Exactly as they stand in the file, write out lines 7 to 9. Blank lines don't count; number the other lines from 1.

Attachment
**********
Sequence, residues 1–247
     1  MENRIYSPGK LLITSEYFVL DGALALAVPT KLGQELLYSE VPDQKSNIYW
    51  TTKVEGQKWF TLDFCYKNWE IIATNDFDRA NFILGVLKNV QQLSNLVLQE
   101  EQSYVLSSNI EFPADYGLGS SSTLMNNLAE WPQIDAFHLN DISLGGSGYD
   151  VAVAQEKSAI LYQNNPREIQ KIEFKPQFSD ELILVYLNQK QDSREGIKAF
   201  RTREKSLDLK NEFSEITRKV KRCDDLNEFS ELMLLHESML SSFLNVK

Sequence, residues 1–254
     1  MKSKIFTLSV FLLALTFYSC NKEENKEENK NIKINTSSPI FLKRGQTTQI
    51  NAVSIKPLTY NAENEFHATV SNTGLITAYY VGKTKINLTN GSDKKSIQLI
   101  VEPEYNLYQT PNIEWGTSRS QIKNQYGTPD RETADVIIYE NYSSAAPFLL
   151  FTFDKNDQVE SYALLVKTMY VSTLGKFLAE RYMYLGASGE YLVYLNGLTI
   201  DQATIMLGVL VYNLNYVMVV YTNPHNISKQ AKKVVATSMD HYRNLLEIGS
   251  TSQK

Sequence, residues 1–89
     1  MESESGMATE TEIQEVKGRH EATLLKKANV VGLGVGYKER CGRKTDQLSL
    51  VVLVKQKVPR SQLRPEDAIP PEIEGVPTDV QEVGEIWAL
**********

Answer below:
Sequence, residues 1–254
     1  MKSKIFTLSV FLLALTFYSC NKEENKEENK NIKINTSSPI FLKRGQTTQI
    51  NAVSIKPLTY NAENEFHATV SNTGLITAYY VGKTKINLTN GSDKKSIQLI